Military Wiki
3rd Airborne Corps
87th Rifle Division (II)
Active 1941–1942
Country  Soviet Union
Branch Soviet Airborne Troops
Engagements World War II
Vasili Glazunov

The 3rd Airborne Corps was an airborne corps of the Red Army in World War II.[1] The corps was established near Kiev.


Formation of the corps began in spring 1941 in the Odessa Military District,[2] with headquarters and the main part of the corps at Pervomaysk and the 212th Airborne Brigade at Voznesensk. In the first half of August 1941 the corps fought as infantry in the Battle of Kiev and suffered heavy losses.[3] On 29 August, its commander, Vasili Glazunov, was appointed commander of the Soviet airborne. At the beginning of September, it fought in the defense of Konotop. In November 1941, the corps was reorganized as the 87th Rifle Division (second formation), under Colonel Alexander Rodimtsev, former commander of the 5th Airborne Brigade.

The 87th Rifle Division joined the 40th Army. On December 4 the Germans broke through the defensive front of the 40th Army, and building on the success in the north-east, occupied Prilepa and several other localities. The division was tasked to close the breach.

On the morning of December 8 the enemy resumed the offensive on the Kursk-Kastornoye direction. The commander of the 40th army set the division the task to provide cover in the occupied positions, regroup and come out on foot to the area Serebryanka-Tretyakov-Athanasian to stop the fight in the counter offensive of the Germans. Then she had to, in cooperation with other parts to crush in settlements Leninsky and transhipments opposing enemy force and immediately capture the city and Cheremisinovo Shchigry. After 40 km, the division was able to focus in a given area only in the evening on 10 December. The morning of 11 December, she attacked the German positions and captured two villages.

On 22 December, the division attacked in conjunction with the 1st Guards Rifle Division and 2nd Guards Rifle Division and captured Marmyzhi. On 24 December, elements of the 87th fought in the villages of Inanovka Pozhidaevka and Krasnaya Polyana. By the end of 27 December, the division was in the area of the villages of Plahovka, Golovinovka and Petrovka. In the first half of January 1942, the division conducted defensive operations in the area. On 16 January, the German troops attacked but were unable to break through. On 18 January, the division attacked in the direction of Kryukovo-Rusakova and to capture the eastern outskirts of Shchigry. The division was ordered to be converted into the 13th Guards Rifle Division on 19 January for its actions during these battles. The new numbering was officially awarded on 4 March 1942.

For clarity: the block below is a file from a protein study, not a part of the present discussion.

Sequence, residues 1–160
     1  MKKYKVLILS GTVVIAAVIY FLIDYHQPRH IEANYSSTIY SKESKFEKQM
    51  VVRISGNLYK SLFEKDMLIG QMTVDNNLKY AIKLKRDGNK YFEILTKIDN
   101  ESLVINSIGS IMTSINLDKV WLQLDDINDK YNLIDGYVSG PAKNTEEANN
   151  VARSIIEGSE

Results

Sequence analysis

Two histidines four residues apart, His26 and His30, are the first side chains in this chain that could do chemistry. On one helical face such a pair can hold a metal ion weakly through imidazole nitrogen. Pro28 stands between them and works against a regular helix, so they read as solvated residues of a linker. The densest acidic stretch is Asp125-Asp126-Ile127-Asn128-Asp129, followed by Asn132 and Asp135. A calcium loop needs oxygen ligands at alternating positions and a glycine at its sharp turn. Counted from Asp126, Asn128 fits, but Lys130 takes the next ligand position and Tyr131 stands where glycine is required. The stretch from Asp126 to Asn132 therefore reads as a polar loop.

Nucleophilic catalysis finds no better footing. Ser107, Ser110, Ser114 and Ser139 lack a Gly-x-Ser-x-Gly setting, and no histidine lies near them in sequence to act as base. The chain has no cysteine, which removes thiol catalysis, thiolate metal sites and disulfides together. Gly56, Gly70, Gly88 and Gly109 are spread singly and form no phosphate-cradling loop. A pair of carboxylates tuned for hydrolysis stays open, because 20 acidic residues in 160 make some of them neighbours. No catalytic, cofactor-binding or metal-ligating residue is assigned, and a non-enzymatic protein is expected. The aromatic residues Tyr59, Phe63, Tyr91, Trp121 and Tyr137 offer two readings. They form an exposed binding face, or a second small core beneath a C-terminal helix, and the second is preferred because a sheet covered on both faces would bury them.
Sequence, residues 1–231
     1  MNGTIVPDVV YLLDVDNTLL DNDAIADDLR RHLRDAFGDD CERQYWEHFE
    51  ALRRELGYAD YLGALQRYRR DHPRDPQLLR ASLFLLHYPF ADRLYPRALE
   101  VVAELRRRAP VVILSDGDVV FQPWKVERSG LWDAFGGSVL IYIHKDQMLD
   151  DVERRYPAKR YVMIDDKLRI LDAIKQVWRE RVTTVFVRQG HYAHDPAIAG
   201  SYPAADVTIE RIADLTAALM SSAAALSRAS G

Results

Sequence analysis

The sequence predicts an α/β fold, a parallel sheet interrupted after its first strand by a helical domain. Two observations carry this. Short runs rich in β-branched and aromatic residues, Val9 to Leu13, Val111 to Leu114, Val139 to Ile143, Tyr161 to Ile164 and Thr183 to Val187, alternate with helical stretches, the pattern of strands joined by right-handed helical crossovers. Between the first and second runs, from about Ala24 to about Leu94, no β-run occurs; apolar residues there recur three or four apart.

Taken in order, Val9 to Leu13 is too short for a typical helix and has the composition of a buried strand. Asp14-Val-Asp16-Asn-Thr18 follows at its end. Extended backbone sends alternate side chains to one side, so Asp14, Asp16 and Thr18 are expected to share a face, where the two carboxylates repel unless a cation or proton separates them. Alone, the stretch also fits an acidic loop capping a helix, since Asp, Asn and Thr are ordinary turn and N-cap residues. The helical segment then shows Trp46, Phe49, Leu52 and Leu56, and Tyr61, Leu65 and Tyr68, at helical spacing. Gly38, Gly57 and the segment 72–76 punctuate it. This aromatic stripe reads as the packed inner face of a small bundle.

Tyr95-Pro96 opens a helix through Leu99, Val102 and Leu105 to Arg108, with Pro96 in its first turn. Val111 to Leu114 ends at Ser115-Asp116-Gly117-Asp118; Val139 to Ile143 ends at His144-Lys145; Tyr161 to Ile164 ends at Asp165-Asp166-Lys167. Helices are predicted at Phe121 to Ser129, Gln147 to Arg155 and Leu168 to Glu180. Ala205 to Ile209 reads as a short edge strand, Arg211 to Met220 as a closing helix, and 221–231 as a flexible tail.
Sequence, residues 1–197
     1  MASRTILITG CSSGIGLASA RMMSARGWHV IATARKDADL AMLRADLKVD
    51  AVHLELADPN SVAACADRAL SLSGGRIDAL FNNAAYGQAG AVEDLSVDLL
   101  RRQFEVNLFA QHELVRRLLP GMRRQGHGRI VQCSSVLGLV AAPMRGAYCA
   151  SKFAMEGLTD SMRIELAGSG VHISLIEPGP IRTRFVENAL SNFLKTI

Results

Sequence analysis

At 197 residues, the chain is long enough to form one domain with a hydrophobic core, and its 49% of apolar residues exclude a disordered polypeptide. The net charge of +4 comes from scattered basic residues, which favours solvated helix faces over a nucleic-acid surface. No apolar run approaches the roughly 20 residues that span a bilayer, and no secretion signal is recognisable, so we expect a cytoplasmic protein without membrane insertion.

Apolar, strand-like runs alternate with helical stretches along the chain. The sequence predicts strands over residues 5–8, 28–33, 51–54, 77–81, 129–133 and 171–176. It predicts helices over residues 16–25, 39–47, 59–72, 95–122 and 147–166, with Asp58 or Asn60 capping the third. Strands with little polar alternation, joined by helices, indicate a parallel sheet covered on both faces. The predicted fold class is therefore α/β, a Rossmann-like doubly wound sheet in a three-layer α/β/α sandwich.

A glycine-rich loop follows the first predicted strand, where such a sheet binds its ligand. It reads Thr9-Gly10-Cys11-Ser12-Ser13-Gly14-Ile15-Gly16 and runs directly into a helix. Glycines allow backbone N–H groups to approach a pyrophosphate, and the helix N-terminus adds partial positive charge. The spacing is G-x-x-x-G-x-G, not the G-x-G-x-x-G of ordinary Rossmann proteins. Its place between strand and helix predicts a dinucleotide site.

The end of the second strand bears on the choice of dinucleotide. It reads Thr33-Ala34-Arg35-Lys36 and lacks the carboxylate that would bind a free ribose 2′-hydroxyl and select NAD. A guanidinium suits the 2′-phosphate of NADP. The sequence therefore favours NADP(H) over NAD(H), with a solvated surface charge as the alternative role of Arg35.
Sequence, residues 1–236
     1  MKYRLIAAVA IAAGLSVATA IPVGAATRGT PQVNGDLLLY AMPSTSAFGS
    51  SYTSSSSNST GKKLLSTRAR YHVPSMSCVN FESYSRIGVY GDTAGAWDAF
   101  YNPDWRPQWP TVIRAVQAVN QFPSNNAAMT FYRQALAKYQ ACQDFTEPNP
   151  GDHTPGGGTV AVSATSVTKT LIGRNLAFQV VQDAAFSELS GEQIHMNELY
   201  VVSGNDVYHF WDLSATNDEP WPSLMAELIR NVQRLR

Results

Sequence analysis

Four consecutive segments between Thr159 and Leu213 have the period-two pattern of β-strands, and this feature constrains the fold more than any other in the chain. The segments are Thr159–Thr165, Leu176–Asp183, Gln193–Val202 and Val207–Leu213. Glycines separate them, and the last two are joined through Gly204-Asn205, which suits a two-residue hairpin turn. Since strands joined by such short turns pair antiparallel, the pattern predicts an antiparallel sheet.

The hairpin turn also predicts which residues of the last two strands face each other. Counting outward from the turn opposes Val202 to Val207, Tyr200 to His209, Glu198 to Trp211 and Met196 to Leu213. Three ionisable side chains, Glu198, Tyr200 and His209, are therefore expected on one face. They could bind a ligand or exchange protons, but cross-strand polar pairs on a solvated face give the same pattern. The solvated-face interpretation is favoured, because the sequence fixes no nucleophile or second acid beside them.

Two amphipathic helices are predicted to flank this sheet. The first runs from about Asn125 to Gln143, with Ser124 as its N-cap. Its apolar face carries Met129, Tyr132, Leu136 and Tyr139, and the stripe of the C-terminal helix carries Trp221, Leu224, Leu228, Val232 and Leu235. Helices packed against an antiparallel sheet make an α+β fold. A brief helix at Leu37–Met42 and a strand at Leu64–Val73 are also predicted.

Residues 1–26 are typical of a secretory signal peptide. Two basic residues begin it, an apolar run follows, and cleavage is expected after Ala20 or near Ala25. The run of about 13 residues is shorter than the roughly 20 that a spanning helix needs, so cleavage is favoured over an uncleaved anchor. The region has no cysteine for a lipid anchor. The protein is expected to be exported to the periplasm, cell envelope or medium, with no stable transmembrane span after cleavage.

In spring 1941, the corps was composed of the following units.

  • Headquarters
  • 5th Airborne Brigade (commander - Colonel Alexander Rodimtsev)
  • 6th Airborne Brigade (commander - Colonel Viktor Zholudev)
  • 212th Airborne Brigade (commander - Colonel Ivan Zatevakhin)
  • 4th Separate Tank Battalion
  • Separate anti-aircraft artillery battalion
  • logistics units

In addition, it was suggested that the 719th Airfield Support Battalion and the 250th and 327th Air Assault Bomber Aviation Regiments, intended for paradropping personnel,[4] be included in the corps. However, due to the outbreak of the Operation Barbarossa, these units did not join the corps.


  • Major General Vasili Glazunov (23 June 1941 – 29 August 1941) - appointed at Pervomaisk[5]
  • Colonel Nikolai Grigorevich Travnikov (September 1941 – March 1942)
  • Colonel Fedor Alexandrovich Afanasev (February – July 1942).


  1. Glantz, David M. (1994-01-01). The History of Soviet Airborne Forces. Taylor & Francis. ISBN 9780714641201. 
  2. Zaloga, Steven J.; Ness, Leland S. (2013-06-01). Companion to the Red Army 1939-1945. The History Press. ISBN 9780750951418. 
  3. Thompson, Unfulfilled Promise: The Soviet Airborne Forces 1928-45
  4. David Glantz, Stumbling Colossus, 148.
  5. Kirchubel, Robert (2013-08-20). Operation Barbarossa: The German Invasion of Soviet Russia. Osprey Publishing. ISBN 9781472804716. 

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